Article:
Honkala S, Honkala E, Al-Sahli N (2006) Consumption of sugar products and associated life- and school-satisfaction and self-esteem factors among schoolchildren in Kuwait. Acta Odontol Scand 64:79–88CrossRefPubMedGoogle Scholar
  20. 20.
    Honkala S, Honkala E, Al-Sahli N (2007) Do life- or school-satisfaction and self-esteem indicators explain the oral hygiene habits of schoolchildren? Community Dent Oral Epidemiol 35:337–347CrossRefPubMedGoogle Scholar
  21. 21.
    ElSalhy M, Honkala S, Söderling E, Varghese A, Honkala E (2013) Relationship between daily habits, Streptococcus mutans, and caries among schoolboys. J Dent 41:1000–1006CrossRefPubMedGoogle Scholar
  22. 22.
    Colombo AP, Boches SK, Cotton SL, Goodson JM, Kent R, Haffajee AD, Socransky SS, Hasturk H, Van Dyke TE, Dewhirst F, Paper BJ (2009) Comparisons of subgingival microbial profiles of refractory periodontitis, severe periodontitis, and periodontal health using the human oral microbe identification microarray. J Periodontol 80:1421–1432CrossRefPubMedCentralPubMedGoogle Scholar
  23. 23.
    Söderling E, Isokangas P, Pienihäkkinen K, Tenovuo J (2000) Influence of maternal xylitol consumption on acquisition of mutans streptococci by infants. J Dent Res 79:882–887CrossRefPubMedGoogle Scholar
  24. 24.
    Saeed AI, Sharov V, White J, Li J, Liang W, Bhagabati N, Braisted J, Klapa M, Currier T, Thiagarajan M, Sturn A, Snuffin M, Rezantsev A, Popov D, Ryltsov A, Kostukovich E, Borisovsky I, Liu Z, Vinsavich A, Trush V, Quackenbush J (2003) TM4: a free, open-source system for microarray data management and analysis. Biotechniques 34:374–378PubMedGoogle Scholar
  25. 25.
    Marsh P, Martin MV (2009) Oral microbiology, 5th edn. Elsevier, LondonGoogle Scholar
  26. 26.
    Havenaar R, Veld JHJ H i’t, Backer Dirks O, Stoppelaar JD (1978) Some bacteriological aspects of sugar substitutes. Proc ERGOB Conf. Karger, BaselGoogle Scholar
  27. 27.
    Luo AH, Yang DQ, Xin BC, Paster BJ, Qin J (2012) Microbial profiles in saliva from children with and without caries in mixed dentition. Oral Dis 18:595–601CrossRefPubMedGoogle Scholar
  28. 28.
    Saier MH Jr, Ye JJ, Klinke S, Nino E (1996) Identification of an anaerobically induced phosphoenolpyruvate-dependent fructose-specific phosphotransferase system and evidence for the Embden-Meyerhof glycolytic pathway in the heterofermentative bacterium Lactobacillus brevis. J Bacteriol 178:314–316PubMedCentralPubMedGoogle Scholar
  29. 29.
    Kaplan H, Hutkins RW (2000) Fermentation of fructooligosaccharides by lactic acid bacteria and bifidobacteria. Appl Environ Microbiol 66:2682–2684CrossRefPubMedCentralPubMedGoogle Scholar
  30. 30.
    Helanto M, Aarnikunnas J, Palva A, Leisola M, Nyyssölä A (2006) Characterization of genes involved in fructose utilization by Lactobacillus fermentum. Arch Microbiol 186:51–59CrossRefPubMedGoogle Scholar
  31. 31.
    Campus G, Cagetti MG, Sacco G, Solinas G, Mastroberardino S, Lingström P (2009) Six months of daily high-dose xylitol in high-risk schoolchildren: a randomized clinical trial on plaque pH and salivary mutans streptococci. Caries Res 43:455–461CrossRefPubMedGoogle Scholar
  32. 32.
    Splieth CH, Alkilzy M, Schmitt J, Berndt C, Welk A (2009) Effect of xylitol and sorbitol on plaque acidogenesis. Quintessence Int 40:279–286PubMedGoogle Scholar
  33. 33.
    Masako K, Hideyuki I, Shigeyuki O, Zenro I (2005) A novel method to control the balance of skin microflora. J Derm Sci 38:197–205CrossRefGoogle Scholar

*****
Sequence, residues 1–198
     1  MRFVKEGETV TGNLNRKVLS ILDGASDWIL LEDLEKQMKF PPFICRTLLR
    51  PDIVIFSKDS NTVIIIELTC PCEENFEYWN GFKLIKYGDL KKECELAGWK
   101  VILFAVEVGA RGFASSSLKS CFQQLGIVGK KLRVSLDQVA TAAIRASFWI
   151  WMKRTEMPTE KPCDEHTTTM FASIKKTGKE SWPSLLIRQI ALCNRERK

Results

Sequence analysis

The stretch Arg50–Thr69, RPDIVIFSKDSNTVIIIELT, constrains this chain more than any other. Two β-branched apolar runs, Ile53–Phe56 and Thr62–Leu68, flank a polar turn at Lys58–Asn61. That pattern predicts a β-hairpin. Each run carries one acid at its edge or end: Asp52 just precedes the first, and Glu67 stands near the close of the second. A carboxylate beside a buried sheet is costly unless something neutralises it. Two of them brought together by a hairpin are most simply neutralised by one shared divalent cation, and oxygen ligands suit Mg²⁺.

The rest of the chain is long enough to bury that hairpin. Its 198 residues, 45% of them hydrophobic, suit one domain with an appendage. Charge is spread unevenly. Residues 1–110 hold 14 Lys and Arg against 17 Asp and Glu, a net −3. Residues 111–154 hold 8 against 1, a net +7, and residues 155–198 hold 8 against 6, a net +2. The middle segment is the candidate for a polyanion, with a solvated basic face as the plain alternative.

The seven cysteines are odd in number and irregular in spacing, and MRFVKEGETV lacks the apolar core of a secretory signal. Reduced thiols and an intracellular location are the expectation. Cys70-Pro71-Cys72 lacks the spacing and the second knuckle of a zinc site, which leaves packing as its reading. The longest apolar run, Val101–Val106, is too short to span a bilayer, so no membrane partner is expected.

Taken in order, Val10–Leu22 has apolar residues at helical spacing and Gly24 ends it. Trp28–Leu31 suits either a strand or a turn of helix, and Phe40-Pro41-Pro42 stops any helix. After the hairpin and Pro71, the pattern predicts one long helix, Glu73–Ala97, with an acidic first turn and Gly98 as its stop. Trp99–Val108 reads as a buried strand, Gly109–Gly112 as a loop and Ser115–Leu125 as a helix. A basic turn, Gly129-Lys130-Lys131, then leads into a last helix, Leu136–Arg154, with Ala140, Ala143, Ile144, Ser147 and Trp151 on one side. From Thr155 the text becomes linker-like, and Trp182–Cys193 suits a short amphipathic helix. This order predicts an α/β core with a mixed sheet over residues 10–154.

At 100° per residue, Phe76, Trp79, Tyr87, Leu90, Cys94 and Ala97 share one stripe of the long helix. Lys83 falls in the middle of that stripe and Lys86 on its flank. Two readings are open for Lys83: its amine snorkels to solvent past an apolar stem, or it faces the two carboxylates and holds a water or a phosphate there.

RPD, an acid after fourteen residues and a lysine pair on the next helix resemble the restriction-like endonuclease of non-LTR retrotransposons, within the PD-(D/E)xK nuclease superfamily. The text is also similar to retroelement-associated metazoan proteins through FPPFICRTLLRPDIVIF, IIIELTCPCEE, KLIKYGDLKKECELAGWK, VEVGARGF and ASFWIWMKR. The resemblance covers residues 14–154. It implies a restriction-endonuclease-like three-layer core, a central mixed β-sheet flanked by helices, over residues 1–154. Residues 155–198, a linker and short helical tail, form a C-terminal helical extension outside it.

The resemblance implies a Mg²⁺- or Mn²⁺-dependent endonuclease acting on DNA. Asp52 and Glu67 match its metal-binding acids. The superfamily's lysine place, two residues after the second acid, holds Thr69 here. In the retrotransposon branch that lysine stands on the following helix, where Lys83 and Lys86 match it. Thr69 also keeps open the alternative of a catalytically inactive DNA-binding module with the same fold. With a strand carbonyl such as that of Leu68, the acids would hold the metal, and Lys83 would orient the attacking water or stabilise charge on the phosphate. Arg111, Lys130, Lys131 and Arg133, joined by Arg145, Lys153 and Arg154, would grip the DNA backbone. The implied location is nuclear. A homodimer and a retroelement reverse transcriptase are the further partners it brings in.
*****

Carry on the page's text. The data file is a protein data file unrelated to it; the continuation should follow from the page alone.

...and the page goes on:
34. 34.
    Ammons MC, Ward LS, Fisher ST, Wolcott RD, James GA (2009) In vitro susceptibility of established biofilms composed of a clinical wound isolate of Pseudomonas aeruginosa treated with lactoferrin and xylitol. Int J Antimicrob Agents 3:230–236CrossRefGoogle Scholar
  35. 35.
    Mäkinen KK, Söderling E, Hurttia H, Lehtonen OP, Luukkala E (1985) Biochemical, microbiologic, and clinical comparisons between two dentifrices that contain different mixtures of sugar alcohols. J Am Dent Assoc 111:745–751CrossRefPubMedGoogle Scholar
  36. 36.
    Lee Y-E, Choi Y-H, Jeong S-H, Kim H-S, Lee S-H, Song K-B (2009) Morphological changes in Streptococcus mutans after chewing gum containing xylitol for twelve months. Curr Microbiol 58:332–337CrossRefPubMedGoogle Scholar
  37. 37.
    Söderling E, Isokangas P, Tenovuo J, Mustakallio S, Mäkinen KK (1991) Long-term xylitol consumption and mutans streptococci in plaque and saliva. Caries Res 25:153–157CrossRefPubMedGoogle Scholar
  38. 38.
    Trahan L, Söderling E, Drean MF, Chevrier MC, Isokangas P (1992) Effect of xylitol consumption on the plaque-saliva distribution of mutans streptococci and the occurrence and long-term survival of xylitol-resistant strains. J Dent Res 71:1785–1791CrossRefPubMedGoogle Scholar
  39. 39.
    Wennerholm K, Arends J, Birkhed D, Ruben J, Emilson CG, Dijkman AG (1994) Effect of xylitol and sorbitol in chewing gum on mutans streptococci, plaque pH and mineral loss of enamel. Caries Res 28:48–54CrossRefPubMedGoogle Scholar
  40. 40.
    Söderling E, Trahan L, Tammiala-Salonen T, Häkkinen L (1997) Effects of xylitol, xylitol-sorbitol, and placebo chewing gums on the plaque of habitual xylitol consumers. Eur J Oral Sci 105:170–177CrossRefPubMedGoogle Scholar
  41. 41.
    Taipale T, Pienihäkkinen K, Salminen S, Jokela J, Söderling E (2012) Bifidobacterium animalis subsp. lactis administration in early childhood: a randomized clinical trial on effects on oral colonization by mutans streptococci and the probiotic. Caries Res 46:69–77CrossRefPubMedGoogle Scholar

Copyright information

© Springer-Verlag Berlin Heidelberg 2014

Authors and Affiliations

  • Eva Söderling
    • 1
    Email author
  • Mohamed ElSalhy
    • 2
  • Eino Honkala
    • 2
  • Margherita Fontana
    • 3
  • Susan Flannagan
    • 3
  • George Eckert
    • 3
    • 4
  • Alexis Kokaras
    • 5
  • Bruce Paster
    • 5
    • 6
  • Mimmi Tolvanen
    • 1
  • Sisko Honkala
    • 2
  1. 1.Institute of DentistryUniversity of TurkuTurkuFinland
  2. 2.Faculty of DentistryKuwait UniversitySafatKuwait
  3. 3.Department of Cariology, Restorative Sciences & Endodontics, School of DentistryUniversity of MichiganAnn ArborUSA
  4. 4.Department of Biostatistics, School of MedicineIndiana UniversityIndianapolisUSA
  5. 5.Department of MicrobiologyThe Forsyth InstituteCambridgeUSA
  6. 6.Department of Oral Medicine, Infection & ImmunityHarvard School of Dental MedicineBostonUSA

Personalised recommendations